United States District Court, E.D. Oklahoma
OPINION AND ORDER
P. SHREDER UNITED STATES MAGISTRATE JUDGE
claimant Amy Suzanne Pearson requests judicial review of a
denial of benefits by the Commissioner of the Social Security
Administration pursuant to 42 U.S.C. § 405(g). She
appeals the Commissioner's decision and asserts the
Administrative Law Judge (“ALJ”) erred in
determining she was not disabled. For the reasons set forth
below, the Commissioner's decision is hereby REVERSED and
the case REMANDED for further proceedings.
Security Law and Standard of Review
under the Social Security Act is defined as the
“inability to engage in any substantial gainful
activity by reason of any medically determinable physical or
mental impairment[.]” 42 U.S.C. § 423(d)(1)(A). A
claimant is disabled under the Social Security Act
“only if h[er] physical or mental impairment or
impairments are of such severity that [s]he is not only
unable to do h[er] previous work but cannot, considering
h[er] age, education, and work experience, engage in any
other kind of substantial gainful work which exists in the
national economy[.]” Id. § 423 (d)(2)(A).
Social security regulations implement a five-step sequential
process to evaluate a disability claim. See 20
C.F.R. §§ 404.1520, 416.920.
405(g) limits the scope of judicial review of the
Commissioner's decision to two inquiries: whether the
decision was supported by substantial evidence and whether
correct legal standards were applied. See Hawkins v.
Chater, 113 F.3d 1162, 1164 (10th Cir. 1997).
Substantial evidence is “‘more than a mere
scintilla. It means such relevant evidence as a reasonable
mind might accept as adequate to support a
conclusion.'” Richardson v. Perales, 402
U.S. 389, 401 (1971), quoting Consolidated Edison Co. v.
NLRB, 305 U.S. 197, 229 (1938); see also Clifton v.
Chater, 79 F.3d 1007, 1009 (10th Cir. 1996). The Court
may not reweigh the evidence or substitute its discretion for
the Commissioner's. See Casias v. Secretary of Health
& Human Services, 933 F.2d 799, 800 (10th Cir.
1991). But the Court must review the record as a whole, and
“[t]he substantiality of evidence must take into
account whatever in the record fairly detracts from its
weight.” Universal Camera Corp. v. NLRB, 340
U.S. 474, 488 (1951); see also Casias, 933 F.2d at
claimant was born April 16, 1976, and was thirty-seven years
old at the time of the administrative hearing (Tr. 231). She
has a high school education, some college, and vocational
training in nail technology, and has no past work (Tr. 108,
122-23). The claimant alleges that she has been unable to
work since June 2, 2009, due to bipolar disorder (Tr. 231,
January 17, 2013, the claimant filed an application for
supplemental security income benefits under Title XVI of the
Social Security Act, 42 U.S.C. §§ 1381-85. Her
application was denied. ALJ James Bentley conducted an
administrative hearing and determined that the claimant was
not disabled in a written opinion dated March 17, 2014 (Tr.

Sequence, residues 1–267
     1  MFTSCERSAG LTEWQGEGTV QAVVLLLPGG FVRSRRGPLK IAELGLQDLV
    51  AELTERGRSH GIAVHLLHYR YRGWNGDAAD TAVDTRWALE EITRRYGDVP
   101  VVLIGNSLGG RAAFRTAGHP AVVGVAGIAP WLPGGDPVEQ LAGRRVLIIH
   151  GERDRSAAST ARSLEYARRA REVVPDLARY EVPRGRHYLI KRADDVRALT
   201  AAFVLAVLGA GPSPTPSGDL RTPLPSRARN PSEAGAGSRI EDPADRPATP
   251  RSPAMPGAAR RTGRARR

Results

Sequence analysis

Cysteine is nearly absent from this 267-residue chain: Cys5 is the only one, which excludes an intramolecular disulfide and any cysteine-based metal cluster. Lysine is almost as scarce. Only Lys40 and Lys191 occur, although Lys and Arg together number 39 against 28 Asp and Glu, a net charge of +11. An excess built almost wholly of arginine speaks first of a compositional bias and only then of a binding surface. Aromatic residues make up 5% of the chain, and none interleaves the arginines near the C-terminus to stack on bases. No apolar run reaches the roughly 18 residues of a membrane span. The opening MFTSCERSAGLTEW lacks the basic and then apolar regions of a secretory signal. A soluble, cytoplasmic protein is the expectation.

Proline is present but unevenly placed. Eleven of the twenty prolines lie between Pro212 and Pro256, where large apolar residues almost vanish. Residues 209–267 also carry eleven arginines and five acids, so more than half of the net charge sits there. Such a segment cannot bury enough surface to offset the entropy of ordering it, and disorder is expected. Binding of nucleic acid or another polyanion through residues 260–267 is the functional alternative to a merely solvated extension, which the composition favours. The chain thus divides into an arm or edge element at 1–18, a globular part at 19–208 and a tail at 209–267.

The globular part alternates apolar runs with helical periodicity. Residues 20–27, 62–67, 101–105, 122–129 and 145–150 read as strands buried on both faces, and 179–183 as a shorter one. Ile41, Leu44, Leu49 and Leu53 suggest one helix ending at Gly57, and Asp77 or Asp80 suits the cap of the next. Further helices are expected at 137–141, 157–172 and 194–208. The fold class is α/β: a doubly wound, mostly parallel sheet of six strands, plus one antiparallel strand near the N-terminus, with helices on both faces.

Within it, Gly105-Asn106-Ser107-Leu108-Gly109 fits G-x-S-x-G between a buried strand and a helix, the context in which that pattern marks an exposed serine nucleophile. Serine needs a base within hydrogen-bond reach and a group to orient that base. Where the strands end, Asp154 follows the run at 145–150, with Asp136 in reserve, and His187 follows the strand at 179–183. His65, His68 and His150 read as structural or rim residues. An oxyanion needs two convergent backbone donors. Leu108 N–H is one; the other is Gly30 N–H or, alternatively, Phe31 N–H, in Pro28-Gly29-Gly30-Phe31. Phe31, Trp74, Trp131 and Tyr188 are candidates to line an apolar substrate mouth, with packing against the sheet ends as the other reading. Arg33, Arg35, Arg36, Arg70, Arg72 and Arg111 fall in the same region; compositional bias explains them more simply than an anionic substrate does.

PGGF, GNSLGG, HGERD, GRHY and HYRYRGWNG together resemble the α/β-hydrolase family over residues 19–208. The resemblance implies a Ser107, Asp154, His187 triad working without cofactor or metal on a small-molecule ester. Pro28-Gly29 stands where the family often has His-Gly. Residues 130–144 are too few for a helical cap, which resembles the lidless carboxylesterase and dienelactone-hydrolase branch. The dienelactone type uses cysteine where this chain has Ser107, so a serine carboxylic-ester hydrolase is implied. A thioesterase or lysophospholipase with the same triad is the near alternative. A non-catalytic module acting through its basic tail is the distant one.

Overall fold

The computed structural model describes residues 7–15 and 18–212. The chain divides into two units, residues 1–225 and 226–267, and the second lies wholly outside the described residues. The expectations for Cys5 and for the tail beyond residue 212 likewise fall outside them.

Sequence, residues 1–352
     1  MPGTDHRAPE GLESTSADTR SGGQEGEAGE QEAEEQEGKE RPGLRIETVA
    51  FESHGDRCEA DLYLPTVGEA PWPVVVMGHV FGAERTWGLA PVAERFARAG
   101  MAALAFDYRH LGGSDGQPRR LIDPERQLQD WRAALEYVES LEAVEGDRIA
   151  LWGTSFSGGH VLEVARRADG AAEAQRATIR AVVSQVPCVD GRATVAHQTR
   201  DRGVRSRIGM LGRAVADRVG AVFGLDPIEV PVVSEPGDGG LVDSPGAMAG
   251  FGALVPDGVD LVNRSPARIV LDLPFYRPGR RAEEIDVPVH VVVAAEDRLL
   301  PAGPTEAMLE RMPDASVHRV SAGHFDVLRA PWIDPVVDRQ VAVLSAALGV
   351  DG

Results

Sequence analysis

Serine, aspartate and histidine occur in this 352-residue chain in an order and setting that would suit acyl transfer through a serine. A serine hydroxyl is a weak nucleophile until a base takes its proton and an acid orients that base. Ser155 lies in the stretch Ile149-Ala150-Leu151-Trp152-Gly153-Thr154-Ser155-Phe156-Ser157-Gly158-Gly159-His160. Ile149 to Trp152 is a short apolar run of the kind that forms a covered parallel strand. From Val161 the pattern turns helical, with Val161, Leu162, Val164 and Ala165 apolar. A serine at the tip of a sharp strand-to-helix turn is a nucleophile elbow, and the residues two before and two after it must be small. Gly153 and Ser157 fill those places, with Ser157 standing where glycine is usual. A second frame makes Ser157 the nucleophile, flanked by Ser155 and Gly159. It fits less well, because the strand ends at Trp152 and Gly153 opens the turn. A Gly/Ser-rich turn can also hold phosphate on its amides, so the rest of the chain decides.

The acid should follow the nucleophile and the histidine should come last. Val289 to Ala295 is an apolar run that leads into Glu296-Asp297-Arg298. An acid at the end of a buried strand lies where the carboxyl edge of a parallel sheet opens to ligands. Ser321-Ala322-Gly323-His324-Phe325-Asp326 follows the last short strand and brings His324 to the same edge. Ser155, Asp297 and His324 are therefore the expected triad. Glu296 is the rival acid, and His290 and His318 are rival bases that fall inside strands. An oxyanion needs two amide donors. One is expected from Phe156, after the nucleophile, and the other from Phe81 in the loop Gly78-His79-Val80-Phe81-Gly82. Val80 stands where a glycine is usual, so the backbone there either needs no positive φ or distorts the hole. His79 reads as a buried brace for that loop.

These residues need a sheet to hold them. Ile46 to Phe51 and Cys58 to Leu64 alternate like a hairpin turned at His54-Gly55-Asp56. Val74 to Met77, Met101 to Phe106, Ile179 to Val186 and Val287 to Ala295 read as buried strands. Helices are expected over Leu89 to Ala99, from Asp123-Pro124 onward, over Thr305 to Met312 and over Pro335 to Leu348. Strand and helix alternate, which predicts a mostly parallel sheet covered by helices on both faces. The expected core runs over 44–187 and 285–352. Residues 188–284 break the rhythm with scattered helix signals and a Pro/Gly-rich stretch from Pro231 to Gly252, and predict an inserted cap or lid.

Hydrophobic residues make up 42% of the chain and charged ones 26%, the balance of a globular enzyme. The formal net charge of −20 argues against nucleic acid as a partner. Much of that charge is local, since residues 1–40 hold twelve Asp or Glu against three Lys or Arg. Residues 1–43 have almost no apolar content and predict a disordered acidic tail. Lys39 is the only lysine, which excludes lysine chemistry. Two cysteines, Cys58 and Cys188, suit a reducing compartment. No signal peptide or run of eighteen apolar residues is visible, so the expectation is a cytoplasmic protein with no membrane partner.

95-110). The Appeals Council denied review, so the ALJ's
written opinion is the Commissioner's final decision for
purposes of this appeal. See 20 C.F.R. §
of the Administrative Law Judge
made his decision at step five of the sequential evaluation.
He found that the claimant retained the residual functional
capacity (“RFC”) perform a limited range of light
work, i. e., she could lift and/or carry twenty
pounds occasionally and ten pounds frequently; stand and/or
walk for six hours total during an eight-hour workday; sit
for six hours total during an eight-hour workday; perform
simple tasks with routine supervision; could have occasional
contact with co-workers and supervisors; and could have no
work related contact with the public (Tr. 102). Since the
claimant could perform light work, the ALJ found she could
also perform sedentary work (Tr. 102). The ALJ concluded that
the claimant was not disabled because there was work that she
could perform in the national economy, e. g., small
products assembler, inspector packer, and motel inspector
claimant contends that the ALJ erred by failing to properly:
(i) analyze her substance abuse, (ii) evaluate the opinion of
consultative examiner Dr. Kathleen Ward, (iii) consider the
side effects of her medication, and (iv) analyze her various
Global Assessment of Functioning (“GAF”) scores.
The Court finds the claimant's first and second
contentions persuasive, and the decision of the Commissioner
must therefore be reversed and the case remanded to the ALJ
for further proceedings.
determined that the claimant had the severe impairments of
generalized anxiety disorder, major depressive disorder,
paranoid type schizophrenia, bipolar disorder,
methamphetamine abuse in remission by report, cannabis abuse,
hepatitis C, obesity, and subjective complaints of idiopathic
peripheral autonomic neuropathy and low back pain (Tr.
97-100). The medical record as to the claimant's mental
impairments reveals that she was admitted to the Carl Albert
Community Mental Health Center (“CACMHC”) under
emergency detention on July 16, 2011, after police discovered
her walking in the middle of the road without shoes on,
yelling for water, and throwing her mail on the ground (Tr.
394-410). Nurse practitioner Cindy Baugh conducted a
psychiatric assessment at admission, and noted the claimant
was alert but disoriented, angry, hostile, unkempt,
disheveled, and combative towards police (Tr. 399). She did
not answer any questions and her judgment was grossly
impaired (Tr. 399). The claimant admitted to using
methamphetamine on the day of admission, and reported to Dr.
Theresa Farrow that her drug use had a lot to do with why she
was admitted for inpatient treatment (Tr. 404). After the
claimant was stabilized with medication, Dr. Farrow
discharged her on July 26, 2011, with diagnoses of bipolar
disorder, mixed, severe, with psychotic feature; panic
disorder with agoraphobia; cannabis abuse; and a GAF score of